Larnaca The Promenade, Ancient Forts and Historic Quarters

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Larnaca mosque of Hala Sultan Tekke

Although very much a working city; the palm lined waterfront promenade, ancient fort and historic quarter imbue Larnaca with a distinct antique flavour. Today the city is a relaxed place well loved for its easy going attitude and friendly people.

Dubbed Kition in classical times Larnaca first entered the history books as the birthplace of the Stoic philosopher Zeno. A few hundred years later Lazarus decided to settle here (post resurrection) and became Larnaca’s first bishop and the city’s patron saint. Arab raids in the seventh century forced the citizens inland and the city into decline and it wasn’t until the end of the Middle Ages that its fortunes revived. Under the Ottomans Larnaca became the island’s premiere port and commercial hub, only to be eclipsed by Limassol and Famagusta in the middle of the 20th century.

Modern Larnaca is a bustling town with its own international airport, yet it has somehow managed to retain a good deal of historic Levantine charm. Tourism is beginning to catch on in a big way and hotels and resort complexes are springing up on the outskirts of the town. The nearby beaches aren’t the best that Cyprus has to offer, but they improve markedly along the coast; making Larnaca a good base for exploring the island. Larnaca’s nightlife is also on the up and the town centre corrals together an enviable collection of bars, cafes and tavernas.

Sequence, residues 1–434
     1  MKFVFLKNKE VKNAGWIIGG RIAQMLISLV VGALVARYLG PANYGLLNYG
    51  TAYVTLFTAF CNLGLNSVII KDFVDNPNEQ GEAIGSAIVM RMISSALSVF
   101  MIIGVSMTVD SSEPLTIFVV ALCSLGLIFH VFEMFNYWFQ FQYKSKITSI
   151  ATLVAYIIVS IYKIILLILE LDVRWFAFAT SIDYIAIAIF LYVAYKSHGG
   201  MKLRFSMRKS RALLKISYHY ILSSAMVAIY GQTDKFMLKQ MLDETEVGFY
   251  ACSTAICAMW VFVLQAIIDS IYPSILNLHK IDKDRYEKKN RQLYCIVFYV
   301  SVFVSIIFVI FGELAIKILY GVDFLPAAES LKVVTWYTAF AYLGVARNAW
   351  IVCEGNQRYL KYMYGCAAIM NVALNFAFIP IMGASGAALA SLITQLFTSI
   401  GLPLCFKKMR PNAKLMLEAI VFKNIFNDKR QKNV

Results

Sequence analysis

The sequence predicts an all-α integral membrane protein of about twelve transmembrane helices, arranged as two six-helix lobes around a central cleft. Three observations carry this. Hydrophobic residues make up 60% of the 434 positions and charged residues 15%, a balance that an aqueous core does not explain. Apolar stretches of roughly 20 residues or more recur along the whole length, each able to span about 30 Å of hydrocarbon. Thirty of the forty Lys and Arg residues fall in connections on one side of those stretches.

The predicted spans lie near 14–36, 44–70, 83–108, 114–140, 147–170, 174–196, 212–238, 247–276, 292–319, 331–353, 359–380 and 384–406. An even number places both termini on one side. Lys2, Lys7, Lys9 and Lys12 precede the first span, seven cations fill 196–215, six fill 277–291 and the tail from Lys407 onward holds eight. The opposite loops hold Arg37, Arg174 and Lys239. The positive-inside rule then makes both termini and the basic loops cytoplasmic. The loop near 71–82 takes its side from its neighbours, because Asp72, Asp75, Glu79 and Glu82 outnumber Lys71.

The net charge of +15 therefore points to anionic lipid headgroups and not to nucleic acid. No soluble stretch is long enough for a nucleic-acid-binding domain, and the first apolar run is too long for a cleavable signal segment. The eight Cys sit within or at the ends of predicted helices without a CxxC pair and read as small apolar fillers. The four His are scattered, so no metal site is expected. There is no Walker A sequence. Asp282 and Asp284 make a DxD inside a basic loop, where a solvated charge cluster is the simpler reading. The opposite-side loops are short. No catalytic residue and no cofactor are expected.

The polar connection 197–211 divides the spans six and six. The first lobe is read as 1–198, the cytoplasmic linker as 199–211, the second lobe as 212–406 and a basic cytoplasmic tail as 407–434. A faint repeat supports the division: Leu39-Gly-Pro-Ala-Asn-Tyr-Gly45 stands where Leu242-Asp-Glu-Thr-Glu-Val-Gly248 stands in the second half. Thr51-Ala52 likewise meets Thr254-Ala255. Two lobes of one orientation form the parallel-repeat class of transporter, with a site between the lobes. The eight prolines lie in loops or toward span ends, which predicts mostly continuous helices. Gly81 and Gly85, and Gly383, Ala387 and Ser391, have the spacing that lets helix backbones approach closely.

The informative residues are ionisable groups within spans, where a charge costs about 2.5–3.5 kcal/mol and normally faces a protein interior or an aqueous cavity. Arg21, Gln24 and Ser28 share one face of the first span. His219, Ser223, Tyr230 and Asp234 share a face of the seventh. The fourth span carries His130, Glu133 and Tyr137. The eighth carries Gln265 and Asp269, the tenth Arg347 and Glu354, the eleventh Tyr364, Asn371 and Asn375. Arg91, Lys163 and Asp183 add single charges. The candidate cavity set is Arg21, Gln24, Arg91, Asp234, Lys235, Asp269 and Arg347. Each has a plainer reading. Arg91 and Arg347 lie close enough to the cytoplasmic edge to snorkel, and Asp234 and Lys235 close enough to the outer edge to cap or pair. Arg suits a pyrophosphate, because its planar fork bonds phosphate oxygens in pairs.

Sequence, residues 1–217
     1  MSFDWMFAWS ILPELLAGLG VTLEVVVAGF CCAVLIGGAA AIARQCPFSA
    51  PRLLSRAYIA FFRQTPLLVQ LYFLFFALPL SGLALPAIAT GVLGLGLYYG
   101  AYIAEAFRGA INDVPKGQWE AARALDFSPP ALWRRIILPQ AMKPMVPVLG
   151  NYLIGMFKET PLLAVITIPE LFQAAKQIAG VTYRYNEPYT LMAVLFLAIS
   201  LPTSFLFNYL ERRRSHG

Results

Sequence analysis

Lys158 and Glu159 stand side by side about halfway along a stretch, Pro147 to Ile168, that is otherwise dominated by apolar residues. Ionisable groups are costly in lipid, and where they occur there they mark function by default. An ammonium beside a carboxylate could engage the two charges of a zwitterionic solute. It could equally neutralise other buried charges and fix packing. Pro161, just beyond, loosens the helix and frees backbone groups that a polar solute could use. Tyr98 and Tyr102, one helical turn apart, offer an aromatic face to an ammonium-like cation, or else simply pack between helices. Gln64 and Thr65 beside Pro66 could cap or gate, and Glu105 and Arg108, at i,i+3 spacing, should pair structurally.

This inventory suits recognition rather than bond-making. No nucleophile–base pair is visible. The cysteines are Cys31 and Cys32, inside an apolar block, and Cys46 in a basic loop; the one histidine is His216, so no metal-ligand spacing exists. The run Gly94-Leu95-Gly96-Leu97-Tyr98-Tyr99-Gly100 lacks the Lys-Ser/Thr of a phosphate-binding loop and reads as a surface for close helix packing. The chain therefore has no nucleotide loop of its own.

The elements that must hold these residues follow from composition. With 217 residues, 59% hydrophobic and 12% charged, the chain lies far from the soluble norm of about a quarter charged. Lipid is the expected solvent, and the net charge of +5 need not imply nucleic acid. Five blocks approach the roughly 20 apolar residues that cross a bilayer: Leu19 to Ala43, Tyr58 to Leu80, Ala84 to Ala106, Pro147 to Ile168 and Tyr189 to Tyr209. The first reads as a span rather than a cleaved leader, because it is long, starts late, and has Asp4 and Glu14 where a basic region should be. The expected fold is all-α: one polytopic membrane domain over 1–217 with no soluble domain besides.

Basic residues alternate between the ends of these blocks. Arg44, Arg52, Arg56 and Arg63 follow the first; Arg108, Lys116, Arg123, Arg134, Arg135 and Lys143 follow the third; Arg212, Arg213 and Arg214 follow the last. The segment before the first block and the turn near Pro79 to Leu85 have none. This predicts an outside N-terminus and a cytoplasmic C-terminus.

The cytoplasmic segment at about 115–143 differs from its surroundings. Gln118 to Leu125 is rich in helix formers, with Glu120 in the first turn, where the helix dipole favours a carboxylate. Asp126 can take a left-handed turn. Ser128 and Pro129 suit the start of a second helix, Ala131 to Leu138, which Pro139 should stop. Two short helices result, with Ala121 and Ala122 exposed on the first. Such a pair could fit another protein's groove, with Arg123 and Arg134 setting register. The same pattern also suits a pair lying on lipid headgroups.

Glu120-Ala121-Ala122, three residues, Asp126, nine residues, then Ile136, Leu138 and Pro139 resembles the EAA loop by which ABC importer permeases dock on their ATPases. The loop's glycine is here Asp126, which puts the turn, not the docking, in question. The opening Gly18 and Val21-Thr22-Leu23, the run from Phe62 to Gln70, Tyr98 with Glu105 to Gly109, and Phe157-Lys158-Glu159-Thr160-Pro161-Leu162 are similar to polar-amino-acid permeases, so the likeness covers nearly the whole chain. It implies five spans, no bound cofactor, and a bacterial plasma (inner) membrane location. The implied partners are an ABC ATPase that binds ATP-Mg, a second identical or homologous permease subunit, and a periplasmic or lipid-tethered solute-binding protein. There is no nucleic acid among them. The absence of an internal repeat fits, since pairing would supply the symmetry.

Larnaca lacks the polish of other Cypriot resorts and often gets branded as ‘shabby’ or ‘dilapidated’ by guidebook writers. Despite, or perhaps because of this, the city has a charmingly laid back attitude. Larnaca’s main tourist attraction is the nearby mosque of Hala Sultan Tekke, which draws pilgrims from across the Moslem world. Other highlights of Larnaca are teh Archaeological Museum, the church of St Lazarus and the Turkish Fort. The mosque is located next to a salt lake southwest of the city and both can be visited in a day trip. Heading out of town towards Limassol takes you into the verdant foothills of the Troodos Mountains, while to the west the frenetic charms of Ayia Napa await. Scuba divers are in for a treat in the shape of the Zenobia, a passenger ferry which sank in 1983 and is now rated as one of the world’s top ten wrecks.